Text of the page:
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Signs And Symptoms Of Osteoarthritis Of The Knee

A patient receiving a custom 3D-printed knee brace

Knee osteoarthritis, also referred to as gonarthrosis, is the most prevalent knee condition. While not classified as a disease but rather a form of arthritis, it profoundly impacts the lives of those affected by it.

In this article, our team of experts will outline the common symptoms and signs of knee osteoarthritis, as well as its underlying causes.

Knee Pain:

The knee joint endures significant pressure during our daily movements. While walking, forces two to three times normal body weight are transmitted through the knee joint. Over time, the combination of forces on the knee joint, previous knee injuries, can result in knee pain attributed to osteoarthritis (OA) of the knee.

Knee pain often presents as:

  • A deep, dull ache within the knee joint
  • Sensation of increased pressure in various parts of the joint
  • Pain that radiates throughout the knee, exacerbated by certain movement such as squatting or straightening the knee
  • Stiffness of the knee joint

Causes of Knee Pain

Activities and situations that exacerbate pain caused by knee osteoarthritis include:

  • Standing up from a chair or squatting down to pick up items off the floor  
  • Morning stiffness when getting out of bed that improves within 30 minutes 
  • Prolonged resting after engaging in moderate to high-intensity activities 
  • Extensive walking 
  • Running 
  • Jumping 
  • Ascending and descending stairs 
  •  Crossing the legs 
  • Twisting the body 
  • Bending and straightening the knee 

Difficulties with Normal Movements:

Joint pain also hampers normal movement in everyday life. Knee osteoarthritis can cause such severe pain that it interferes with the joint’s natural range of motion. In severe cases, even slight bending or flexing of the knee may become excruciatingly painful.

Pain is the primary factor contributing to difficulties with joint motion. Inflammatory factors from osteoarthritis within the joint cause the brain to send pain signals to the joint, causing us to naturally want to avoid certain joint movements as a protective mechanism to prevent musculoskeletal pain from occurring and worsening. In some cases, pain can become chronic or the magnitude of pain may not be proportional to the amount of tissue damage in the knee joint due to changes in the brain and central nervous system over time. This is a topic that is still being researched.

Swollen Joints

Swelling of the knee joint is a common sign of knee osteoarthritis and indicating inflammation. This excess fluid accumulation often leads to the medical condition known as “water on the knee.”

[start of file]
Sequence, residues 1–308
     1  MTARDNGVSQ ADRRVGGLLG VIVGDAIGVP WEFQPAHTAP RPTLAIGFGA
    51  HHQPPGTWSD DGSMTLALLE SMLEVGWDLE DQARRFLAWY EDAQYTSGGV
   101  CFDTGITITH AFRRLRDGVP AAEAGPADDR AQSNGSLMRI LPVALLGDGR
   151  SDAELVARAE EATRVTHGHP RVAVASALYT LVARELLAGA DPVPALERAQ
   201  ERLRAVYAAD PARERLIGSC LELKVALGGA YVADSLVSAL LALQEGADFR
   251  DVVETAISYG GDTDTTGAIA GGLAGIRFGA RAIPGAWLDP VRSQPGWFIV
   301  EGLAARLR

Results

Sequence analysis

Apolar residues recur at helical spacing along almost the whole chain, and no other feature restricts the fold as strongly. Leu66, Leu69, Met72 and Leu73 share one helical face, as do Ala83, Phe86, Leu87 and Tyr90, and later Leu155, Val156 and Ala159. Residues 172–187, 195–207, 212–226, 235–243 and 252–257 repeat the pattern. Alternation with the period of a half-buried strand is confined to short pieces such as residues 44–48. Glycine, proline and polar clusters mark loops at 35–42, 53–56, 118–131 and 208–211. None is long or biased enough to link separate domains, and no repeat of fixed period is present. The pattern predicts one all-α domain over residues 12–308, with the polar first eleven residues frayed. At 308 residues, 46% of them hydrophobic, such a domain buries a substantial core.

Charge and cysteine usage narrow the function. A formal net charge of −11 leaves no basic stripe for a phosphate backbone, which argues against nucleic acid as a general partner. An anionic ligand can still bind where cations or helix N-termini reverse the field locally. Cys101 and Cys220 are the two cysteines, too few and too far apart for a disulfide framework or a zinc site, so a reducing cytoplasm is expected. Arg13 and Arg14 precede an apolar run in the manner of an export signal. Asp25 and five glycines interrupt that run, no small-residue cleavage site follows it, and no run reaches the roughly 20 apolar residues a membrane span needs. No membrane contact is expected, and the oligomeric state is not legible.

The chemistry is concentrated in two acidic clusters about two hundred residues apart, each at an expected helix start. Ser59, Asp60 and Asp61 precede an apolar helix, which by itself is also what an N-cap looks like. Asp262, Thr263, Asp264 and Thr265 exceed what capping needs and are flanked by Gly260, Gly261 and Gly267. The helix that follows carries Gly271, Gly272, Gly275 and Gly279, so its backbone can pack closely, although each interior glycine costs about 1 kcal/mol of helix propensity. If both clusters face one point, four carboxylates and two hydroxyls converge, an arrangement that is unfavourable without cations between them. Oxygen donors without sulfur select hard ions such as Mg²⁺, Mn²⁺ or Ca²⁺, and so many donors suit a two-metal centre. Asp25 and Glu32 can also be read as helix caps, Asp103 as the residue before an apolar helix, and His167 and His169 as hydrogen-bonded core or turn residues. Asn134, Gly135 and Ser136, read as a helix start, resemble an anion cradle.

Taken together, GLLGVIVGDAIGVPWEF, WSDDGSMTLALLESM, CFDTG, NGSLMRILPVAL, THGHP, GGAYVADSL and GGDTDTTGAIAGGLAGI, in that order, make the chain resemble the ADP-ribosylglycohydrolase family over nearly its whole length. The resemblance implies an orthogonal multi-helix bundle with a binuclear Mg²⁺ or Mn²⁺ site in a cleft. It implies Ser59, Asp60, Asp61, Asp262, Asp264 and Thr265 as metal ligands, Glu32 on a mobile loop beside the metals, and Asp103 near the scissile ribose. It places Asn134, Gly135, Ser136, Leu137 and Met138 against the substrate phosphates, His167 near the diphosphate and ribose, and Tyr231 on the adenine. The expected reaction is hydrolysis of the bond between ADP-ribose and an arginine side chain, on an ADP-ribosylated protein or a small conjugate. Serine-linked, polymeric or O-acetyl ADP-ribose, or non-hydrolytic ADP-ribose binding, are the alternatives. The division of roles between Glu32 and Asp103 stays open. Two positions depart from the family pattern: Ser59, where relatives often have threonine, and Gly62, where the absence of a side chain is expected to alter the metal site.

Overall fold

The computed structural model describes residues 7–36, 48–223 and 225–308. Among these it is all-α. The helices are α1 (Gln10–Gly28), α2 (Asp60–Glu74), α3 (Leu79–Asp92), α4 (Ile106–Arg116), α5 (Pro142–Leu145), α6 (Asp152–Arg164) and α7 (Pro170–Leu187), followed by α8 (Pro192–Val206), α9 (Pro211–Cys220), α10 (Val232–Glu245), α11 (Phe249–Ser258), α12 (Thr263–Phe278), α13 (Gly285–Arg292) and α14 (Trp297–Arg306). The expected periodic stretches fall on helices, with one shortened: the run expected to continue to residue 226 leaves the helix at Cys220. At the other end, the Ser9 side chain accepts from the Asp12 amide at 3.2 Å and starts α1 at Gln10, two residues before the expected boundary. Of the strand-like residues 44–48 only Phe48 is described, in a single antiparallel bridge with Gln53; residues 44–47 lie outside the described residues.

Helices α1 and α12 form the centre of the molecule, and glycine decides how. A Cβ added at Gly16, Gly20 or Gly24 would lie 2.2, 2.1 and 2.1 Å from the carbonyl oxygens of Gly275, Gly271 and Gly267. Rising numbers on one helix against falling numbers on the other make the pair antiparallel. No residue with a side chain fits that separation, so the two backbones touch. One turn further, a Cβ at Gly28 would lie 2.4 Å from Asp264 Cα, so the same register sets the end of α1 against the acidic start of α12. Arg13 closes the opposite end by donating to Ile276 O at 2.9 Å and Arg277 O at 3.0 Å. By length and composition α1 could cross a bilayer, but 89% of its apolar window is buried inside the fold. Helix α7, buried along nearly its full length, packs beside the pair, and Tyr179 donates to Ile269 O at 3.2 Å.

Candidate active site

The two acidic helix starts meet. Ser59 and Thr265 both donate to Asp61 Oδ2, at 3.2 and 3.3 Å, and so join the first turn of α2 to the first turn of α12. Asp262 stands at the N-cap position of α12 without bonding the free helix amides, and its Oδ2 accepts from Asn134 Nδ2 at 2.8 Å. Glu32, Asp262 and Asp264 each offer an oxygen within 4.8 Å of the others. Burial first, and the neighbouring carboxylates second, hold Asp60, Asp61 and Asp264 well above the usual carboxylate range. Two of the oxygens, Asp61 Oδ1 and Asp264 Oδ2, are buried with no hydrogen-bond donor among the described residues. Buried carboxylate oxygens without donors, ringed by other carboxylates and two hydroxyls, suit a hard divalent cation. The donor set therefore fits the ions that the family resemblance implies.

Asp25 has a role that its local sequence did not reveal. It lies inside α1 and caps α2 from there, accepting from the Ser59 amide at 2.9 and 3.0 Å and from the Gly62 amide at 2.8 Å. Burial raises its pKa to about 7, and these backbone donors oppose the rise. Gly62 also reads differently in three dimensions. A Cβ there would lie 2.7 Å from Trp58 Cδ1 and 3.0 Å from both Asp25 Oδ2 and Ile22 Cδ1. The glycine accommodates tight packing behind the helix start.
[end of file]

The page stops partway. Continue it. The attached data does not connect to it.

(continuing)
It is important to understand that inflammation and swelling are natural responses of the body’s defense system. In the case of an injury or medical condition like knee osteoarthritis, the body dispatches specific cells, including white blood cells, to protect and repair the affected areas. These cells are transported to the affected body part through the inflammatory fluid. The increase in fluid is called edema and produces a soft swelling. In more chronic cases of knee osteoarthritis, a hard swelling may occur, and is caused by bony buildup such as osteophytes and bone spurs.

Muscle and Joint Stiffness

Knee osteoarthritis frequently causes a sensation of stiffness, which individuals describe as discomfort and limited range of motion. This stiffness can give the impression that the different parts of the knee are fused together and lack mobility.

Stiffness in the knee joint tissues primarily arises from inflammation. When the knee is at rest, certain components of the inflammatory fluid settle on the joint tissues. Consequently, when movement resumes, these tissues must overcome the ensuing stiffness. After a few minutes of painful movement, the joint “warms up,” joint fluid moves around and the inflammatory factors and fluid begin to circulate and disperse. The stiffness subsides and the knee joint often begins to feel better.

Feeling of Friction Between the Bones

In some cases, patients experience a sensation of friction between the knee bones. While not always painful, this sensation often worsens quickly.

As mentioned, knee osteoarthritis results from an inflammatory cascade and the gradual degeneration of cartilage. The thinning of this natural protective layer, coupled with a decrease in synovial fluid and an increase in inflammatory factors renders the joint more susceptible to pressure and friction, thus giving rise to this sensation.

Understanding the symptoms and causes of knee osteoarthritis is crucial for both individuals experiencing the condition and healthcare professionals. Knee osteoarthritis, although not classified as a disease but rather a form of arthritis, significantly impacts the lives of those affected by it. It is a leading cause of work-related disability amongst U.S. adults. The common symptoms, including knee pain, increased pressure sensation, radiating pain, stiffness, and swollen joints, limited knee range of motion, and difficulties ascending and descending stairs can greatly hinder daily activities and movement.

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